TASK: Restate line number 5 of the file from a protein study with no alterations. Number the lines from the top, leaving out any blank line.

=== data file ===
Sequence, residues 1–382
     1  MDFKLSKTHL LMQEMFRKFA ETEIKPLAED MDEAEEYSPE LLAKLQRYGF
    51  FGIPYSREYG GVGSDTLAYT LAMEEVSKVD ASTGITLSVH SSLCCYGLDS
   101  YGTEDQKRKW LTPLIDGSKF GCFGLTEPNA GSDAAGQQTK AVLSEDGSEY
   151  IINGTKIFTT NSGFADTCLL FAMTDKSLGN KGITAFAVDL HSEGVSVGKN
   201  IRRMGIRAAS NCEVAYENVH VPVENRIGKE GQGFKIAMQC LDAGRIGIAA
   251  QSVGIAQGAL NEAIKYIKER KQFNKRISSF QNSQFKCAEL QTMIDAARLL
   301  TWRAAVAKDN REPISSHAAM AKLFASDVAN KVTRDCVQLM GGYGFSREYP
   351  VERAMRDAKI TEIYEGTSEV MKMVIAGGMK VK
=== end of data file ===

   151  IINGTKIFTT NSGFADTCLL FAMTDKSLGN KGITAFAVDL HSEGVSVGKN